As public prosecutor, the Attorney General supervises the work of the United States Attorneys and Marshalls in enforcing federal laws. Despite the fact that many violations of federal law are handled by administrative agencies, an increasing number of such violations are prosecuted in the federal courts. When the Department of Justice receives evidence of a federal law violation the matter is assigned to the appropriate United States Attorney who prepares the case for prosecution.
As legal counsel, the Attorney General directs the Solicitor General to represent the United States in the Supreme Court and furnishes counsel for the United States in other federal courts in cases in which the United States has an interest. As legal adviser, the Attorney General supervises the work of staff assistants rendering legal advice and opinions to the President and to executive department heads upon request. In 1941 the Attorney General was requested to supervise an examination of federal administrative agency practice and procedure and to recommend administrative reforms. Among other things the Attorney General's Committee on Administrative Procedure considered the problems of concentration of functions in agencies and the institutional decision. Several of the Committee's suggestions were subsequently incorporated in the Administrative Procedure Act of 1946.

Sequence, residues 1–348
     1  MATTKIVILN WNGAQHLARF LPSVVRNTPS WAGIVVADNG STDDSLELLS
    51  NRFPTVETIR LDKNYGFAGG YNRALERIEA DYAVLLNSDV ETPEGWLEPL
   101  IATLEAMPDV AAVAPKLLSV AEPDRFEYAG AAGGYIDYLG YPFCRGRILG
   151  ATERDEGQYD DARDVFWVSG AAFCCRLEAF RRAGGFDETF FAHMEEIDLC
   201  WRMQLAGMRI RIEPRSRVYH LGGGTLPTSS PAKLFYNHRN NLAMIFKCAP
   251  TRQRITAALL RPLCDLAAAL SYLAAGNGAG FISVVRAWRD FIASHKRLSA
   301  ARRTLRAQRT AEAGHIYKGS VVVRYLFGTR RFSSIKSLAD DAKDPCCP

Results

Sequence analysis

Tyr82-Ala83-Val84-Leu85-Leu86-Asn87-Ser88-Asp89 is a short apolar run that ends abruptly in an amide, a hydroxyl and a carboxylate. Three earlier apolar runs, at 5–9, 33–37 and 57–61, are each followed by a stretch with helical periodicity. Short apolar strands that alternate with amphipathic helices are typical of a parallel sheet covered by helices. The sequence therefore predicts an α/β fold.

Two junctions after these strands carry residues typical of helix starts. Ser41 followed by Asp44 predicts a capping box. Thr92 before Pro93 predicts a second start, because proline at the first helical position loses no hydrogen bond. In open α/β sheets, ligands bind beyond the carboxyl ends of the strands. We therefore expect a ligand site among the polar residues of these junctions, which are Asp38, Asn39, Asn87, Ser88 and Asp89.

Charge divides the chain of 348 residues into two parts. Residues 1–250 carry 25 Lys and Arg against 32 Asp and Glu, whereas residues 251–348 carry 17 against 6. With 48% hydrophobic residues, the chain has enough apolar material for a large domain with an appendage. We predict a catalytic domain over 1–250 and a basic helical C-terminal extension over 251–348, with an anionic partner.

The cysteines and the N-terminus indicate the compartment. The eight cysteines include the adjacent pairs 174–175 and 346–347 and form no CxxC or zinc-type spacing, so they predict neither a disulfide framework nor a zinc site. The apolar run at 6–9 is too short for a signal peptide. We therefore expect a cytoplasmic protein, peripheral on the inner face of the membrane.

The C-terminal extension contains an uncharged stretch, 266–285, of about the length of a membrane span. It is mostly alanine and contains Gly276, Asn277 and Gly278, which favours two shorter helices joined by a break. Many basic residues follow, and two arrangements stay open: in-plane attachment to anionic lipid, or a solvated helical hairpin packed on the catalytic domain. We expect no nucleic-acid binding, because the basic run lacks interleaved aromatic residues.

As investigator, the Attorney General supervises the activities of police agencies in detecting violations of federal laws. Perhaps the most famous of all federal police agencies, the Federal Bureau of Investigation, is within the sprawling Department of Justice.
A brief study of the structure of the Justice Department may further clarify the role and the function of the Department and the Attorney General.6
The Deputy Attorney General assists the Attorney General in the overall
supervision of the Department of Justice. Upon the request of congressional committees and administrators, the Deputy's office prepares reports and recommendations concerning proposed legislation originating in the Department of Justice and in other departments and agencies.
The Solicitor General has special charge of, and represents the United States government in, cases before the Supreme Court. In addition, he authorizes the taking of appeals by the United States.
The Office of Legal Counsel is headed by the Assistant Attorney General whose task it is to prepare the opinions of the Attorney General, to render advice and opinions to government agencies, and to assist the Attorney General in rendering legal advice to the President and to cabinet members.